1991

N, DRKANGETHERACHEL.  1991.  Kang. East African Medical Journal. 68, 526-531.. : Journal of School of Continuous and Distance Education Abstract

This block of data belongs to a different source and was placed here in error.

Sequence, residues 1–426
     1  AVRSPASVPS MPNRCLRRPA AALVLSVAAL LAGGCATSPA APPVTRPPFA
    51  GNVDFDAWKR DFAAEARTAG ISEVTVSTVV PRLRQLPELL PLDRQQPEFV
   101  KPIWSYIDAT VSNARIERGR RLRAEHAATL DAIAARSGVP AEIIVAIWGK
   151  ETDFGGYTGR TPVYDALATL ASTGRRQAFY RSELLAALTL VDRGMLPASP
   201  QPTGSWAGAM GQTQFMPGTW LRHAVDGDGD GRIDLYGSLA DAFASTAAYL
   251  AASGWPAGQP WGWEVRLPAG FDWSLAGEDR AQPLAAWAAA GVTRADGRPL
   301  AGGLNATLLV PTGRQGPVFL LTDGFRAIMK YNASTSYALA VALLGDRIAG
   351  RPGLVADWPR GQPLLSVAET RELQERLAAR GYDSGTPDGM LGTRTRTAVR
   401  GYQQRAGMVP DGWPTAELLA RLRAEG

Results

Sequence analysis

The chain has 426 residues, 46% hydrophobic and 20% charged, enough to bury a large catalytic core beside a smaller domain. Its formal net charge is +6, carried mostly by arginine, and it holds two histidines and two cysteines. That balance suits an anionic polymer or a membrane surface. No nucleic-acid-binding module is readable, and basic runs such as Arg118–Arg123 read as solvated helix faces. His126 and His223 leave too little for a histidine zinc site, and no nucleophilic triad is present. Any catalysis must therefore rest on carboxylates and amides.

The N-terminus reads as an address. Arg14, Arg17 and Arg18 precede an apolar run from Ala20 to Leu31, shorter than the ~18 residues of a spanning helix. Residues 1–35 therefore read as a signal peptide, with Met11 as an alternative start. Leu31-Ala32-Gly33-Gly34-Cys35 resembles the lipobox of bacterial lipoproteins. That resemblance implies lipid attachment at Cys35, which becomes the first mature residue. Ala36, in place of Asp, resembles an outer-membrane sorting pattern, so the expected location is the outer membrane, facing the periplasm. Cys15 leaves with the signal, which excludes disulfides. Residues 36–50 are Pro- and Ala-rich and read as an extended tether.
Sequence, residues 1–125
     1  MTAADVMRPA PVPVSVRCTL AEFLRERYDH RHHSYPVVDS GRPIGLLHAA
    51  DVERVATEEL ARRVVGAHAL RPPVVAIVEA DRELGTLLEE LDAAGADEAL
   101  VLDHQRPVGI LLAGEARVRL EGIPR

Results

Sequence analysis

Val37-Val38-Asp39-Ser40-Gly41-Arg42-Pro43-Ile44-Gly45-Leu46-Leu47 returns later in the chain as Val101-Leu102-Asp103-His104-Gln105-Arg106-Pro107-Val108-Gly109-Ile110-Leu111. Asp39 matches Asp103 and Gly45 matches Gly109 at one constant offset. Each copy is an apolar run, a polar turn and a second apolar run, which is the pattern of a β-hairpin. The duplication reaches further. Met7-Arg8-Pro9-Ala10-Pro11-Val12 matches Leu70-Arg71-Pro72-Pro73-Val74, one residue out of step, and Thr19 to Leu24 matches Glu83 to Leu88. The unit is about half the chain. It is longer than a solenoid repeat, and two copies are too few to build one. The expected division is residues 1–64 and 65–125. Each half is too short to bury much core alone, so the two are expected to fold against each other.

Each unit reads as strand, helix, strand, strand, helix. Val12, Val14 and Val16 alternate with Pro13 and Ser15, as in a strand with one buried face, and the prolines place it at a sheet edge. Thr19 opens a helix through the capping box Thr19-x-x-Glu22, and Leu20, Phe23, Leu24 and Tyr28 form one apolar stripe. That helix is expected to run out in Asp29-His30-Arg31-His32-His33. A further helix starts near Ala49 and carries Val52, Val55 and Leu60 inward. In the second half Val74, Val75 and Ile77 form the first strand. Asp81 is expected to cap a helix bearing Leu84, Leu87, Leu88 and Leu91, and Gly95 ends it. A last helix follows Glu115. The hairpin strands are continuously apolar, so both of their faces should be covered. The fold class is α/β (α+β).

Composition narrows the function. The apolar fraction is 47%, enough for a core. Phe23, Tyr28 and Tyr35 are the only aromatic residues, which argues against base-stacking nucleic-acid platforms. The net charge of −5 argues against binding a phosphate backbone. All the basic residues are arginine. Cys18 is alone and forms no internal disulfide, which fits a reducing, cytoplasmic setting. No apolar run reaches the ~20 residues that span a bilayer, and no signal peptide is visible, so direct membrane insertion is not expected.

Kamau RK, Osoti AO, Njuguna EM. Department of Obstetrics and Gynaecology, College of Health Sciences, University of Nairobi, P.O. Box 1%76-00202, Nairobi, Kenya. BACKGROUND: Cancer of the uterine cervix is the most common female cancer in Kenya. Despite being preventable, it is often diagnosed when it is already late. For this reason, only palliative therapy is provided. Hence, it is expected that their daily routines and that of their caregivers are severely disrupted. OBJECTIVES: To determine the extent to which diagnosis and treatment of inoperable cervical carcinoma affects quality of life (QOL). DESIGN: Cross-sectional descriptive study. Setting Radiotherapy Department at the Kenyatta National Hospital. SUBJECTS: Women undergoing radiotherapy for inoperable cervical cancer. RESULTS: There is high prevalence of profound disruptions in nearly all domains of QOL. In the social domain, between 33% and 44% had the perception that family members and friends had withdrawn social support. Reduction in various economic facets was reported by 47.4%-52.6%, with 44.7% reporting a fall in the overall living standards. There were significant changes in the sexual domain, as a result in which 28.3% reported marital discordance. In the personality domain, decreased self-esteem and self-projection in life occurred in 30.9% and 36.2% respectively. On functional outcomes (EORTC QLQ-C30), only 32%-41% reported not being affected in the various facets of emotional function. Physical functions were affected in 19%-79%, role functions in 69%-75%; symptoms in 49%-80%; cognitive functions in 46%-56%; social functions in 63%-71% and financial aspects by 63%. On global QOL, 53% and 47% respectively reported high level disruption in overall physical health and overall QOL. CONCLUSION: Severe deterioration of QOL occurs as a result of diagnosis of inoperable cervical cancer and subsequent therapies. For this reason there is need to establish severe disease and end-of-life research and management services that would ensure better coping with cancer for patients and for home-based caregivers. PMID: 17633581 [PubMed - indexed for MEDLINE]